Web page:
“If one partner offers really great value is it likely consumers will vote with their pounds? I would say we’ve seen that play out in many other channels. So why would that not be the same in a marketplace?” she says.

McClintock knows a thing or two about marketplaces, having launched them for Amazon in Australia and Singapore. But she describes her career as “one of two halves”. After studying science at Cambridge, a brief stint in finance didn’t work out. As she reflects: “I have a mantra on my wall: ‘Work hard, have fun, be nice to people’. There’s not a lot of that in finance.” 


So McClintock moved into television. But if it looked fun from the outside – she worked as a producer for Hat Trick and Channel 4, and on Have I Got News for You and Horrible Science – “everyone looked miserable”.

So after completing an MBA, she moved into tech with Amazon. And she’s not looked back. Returning to the UK, she became global strategy lead for Amazon Fresh, and launched Amazon’s private-label grocery range in Europe. “Trying to find a biscuit that works across five countries is pretty challenging,” she says.

It was Amazon’s investment in Deliveroo that put the courier business on McClintock’s radar, and when they called the opportunity was tantalising.

If McClintock’s career is one of two halves, the grocery and restaurant operations at Deliveroo are not so evenly split. Grocery makes up just 11% of total gross transactional value globally.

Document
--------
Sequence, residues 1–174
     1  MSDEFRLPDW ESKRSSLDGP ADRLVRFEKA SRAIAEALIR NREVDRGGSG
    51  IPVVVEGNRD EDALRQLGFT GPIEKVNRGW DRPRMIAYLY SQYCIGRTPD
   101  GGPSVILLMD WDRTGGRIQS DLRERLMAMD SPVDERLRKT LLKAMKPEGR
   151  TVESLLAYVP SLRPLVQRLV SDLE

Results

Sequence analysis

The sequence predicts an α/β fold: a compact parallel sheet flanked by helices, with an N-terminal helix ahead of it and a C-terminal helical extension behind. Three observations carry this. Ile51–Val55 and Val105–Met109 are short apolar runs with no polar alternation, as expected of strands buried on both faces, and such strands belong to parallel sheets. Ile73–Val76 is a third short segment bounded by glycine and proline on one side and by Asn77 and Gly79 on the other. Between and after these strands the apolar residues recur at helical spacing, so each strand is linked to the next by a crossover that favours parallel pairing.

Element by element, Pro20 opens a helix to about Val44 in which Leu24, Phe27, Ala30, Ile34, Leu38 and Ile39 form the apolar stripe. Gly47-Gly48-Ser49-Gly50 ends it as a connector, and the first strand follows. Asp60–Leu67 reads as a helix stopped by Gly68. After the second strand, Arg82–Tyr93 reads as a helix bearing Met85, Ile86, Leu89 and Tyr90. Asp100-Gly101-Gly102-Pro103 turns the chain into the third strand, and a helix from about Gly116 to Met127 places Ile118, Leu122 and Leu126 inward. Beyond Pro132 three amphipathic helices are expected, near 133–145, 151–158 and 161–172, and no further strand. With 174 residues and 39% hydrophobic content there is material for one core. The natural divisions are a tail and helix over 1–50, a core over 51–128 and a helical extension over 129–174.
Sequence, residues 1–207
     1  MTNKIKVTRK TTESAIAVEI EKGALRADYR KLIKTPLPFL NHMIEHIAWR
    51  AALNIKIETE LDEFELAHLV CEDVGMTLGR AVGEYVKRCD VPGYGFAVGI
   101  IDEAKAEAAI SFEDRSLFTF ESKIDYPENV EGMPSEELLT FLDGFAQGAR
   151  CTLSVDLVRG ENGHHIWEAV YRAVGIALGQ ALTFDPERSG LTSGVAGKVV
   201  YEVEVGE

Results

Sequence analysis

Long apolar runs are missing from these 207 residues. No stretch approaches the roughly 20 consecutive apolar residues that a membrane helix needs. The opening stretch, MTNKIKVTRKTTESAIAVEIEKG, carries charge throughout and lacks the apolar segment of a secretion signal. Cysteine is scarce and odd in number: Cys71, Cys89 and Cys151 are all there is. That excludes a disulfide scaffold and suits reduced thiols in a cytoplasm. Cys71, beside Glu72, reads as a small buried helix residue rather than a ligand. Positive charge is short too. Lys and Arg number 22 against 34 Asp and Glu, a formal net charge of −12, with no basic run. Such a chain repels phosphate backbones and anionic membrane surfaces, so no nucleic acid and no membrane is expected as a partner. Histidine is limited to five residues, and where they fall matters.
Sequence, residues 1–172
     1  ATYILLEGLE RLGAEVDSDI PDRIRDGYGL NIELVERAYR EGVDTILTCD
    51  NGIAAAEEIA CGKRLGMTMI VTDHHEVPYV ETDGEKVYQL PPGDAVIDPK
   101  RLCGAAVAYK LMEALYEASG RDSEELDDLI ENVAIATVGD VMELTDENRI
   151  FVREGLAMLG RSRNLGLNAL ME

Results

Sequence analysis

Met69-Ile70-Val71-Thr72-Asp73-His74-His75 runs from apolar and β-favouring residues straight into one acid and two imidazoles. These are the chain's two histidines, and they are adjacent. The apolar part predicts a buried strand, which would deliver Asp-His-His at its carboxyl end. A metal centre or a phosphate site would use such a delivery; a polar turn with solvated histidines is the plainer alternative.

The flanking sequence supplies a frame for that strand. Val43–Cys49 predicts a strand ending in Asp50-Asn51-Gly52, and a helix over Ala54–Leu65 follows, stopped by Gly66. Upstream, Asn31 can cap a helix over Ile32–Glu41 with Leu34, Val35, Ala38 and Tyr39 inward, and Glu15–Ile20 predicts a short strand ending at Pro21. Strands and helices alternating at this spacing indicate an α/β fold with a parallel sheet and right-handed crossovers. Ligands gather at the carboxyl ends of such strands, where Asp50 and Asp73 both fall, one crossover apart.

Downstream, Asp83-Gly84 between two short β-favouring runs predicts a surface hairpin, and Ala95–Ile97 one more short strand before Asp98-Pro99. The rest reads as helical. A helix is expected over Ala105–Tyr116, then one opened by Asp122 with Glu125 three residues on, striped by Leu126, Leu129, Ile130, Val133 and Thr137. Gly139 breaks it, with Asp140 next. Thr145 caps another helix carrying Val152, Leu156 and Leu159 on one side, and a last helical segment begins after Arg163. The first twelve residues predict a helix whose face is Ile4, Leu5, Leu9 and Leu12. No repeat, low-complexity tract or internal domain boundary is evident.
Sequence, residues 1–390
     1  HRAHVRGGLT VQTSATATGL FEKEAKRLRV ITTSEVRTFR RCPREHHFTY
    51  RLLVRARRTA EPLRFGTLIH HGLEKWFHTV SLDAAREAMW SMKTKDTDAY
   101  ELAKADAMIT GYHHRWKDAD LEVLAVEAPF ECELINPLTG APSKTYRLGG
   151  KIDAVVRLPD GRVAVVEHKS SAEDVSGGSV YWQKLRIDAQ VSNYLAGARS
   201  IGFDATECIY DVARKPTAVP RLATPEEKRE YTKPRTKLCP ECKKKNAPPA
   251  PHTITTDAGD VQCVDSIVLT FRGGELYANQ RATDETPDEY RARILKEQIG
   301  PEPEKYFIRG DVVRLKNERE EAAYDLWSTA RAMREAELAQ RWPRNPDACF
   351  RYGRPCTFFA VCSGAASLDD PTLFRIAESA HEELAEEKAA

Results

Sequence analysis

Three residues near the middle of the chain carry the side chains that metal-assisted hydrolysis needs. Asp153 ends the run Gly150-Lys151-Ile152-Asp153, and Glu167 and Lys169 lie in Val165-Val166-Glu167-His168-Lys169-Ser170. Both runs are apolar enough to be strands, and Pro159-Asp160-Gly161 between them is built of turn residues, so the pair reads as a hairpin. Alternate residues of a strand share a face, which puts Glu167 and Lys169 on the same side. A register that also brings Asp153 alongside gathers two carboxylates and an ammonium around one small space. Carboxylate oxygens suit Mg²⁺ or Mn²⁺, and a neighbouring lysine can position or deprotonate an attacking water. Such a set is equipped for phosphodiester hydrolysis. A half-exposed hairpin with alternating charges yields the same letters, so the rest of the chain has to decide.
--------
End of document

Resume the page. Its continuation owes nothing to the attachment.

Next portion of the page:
“There is a healthy tension between how much time we spend on our core business, and how much time we spend on this new vertical,” McClintock says. “We’re constantly questioning, where is it best to allocate our resources?”

Currently over 100 members of the tech team work solely in grocery, and judging by Deliveroo’s numbers, it seems well worth the focus.

Customers acquired through grocery generate 40% more orders in the year after acquisition than customers acquired through restaurants. Customers who use both grocery and restaurant have higher retention than those who use restaurant only. And grocery orders are incremental to restaurant orders.

The gross profit per grocery order for Deliveroo is only slightly behind that of restaurant orders in the UK too. And, globally, average grocery order value is rising, alongside the average number of items per basket.

As McClintock puts it: “We’re right at the beginning. There are loads of opportunities. We’re in this exciting space where innovation is constantly happening. We have reasons to believe.”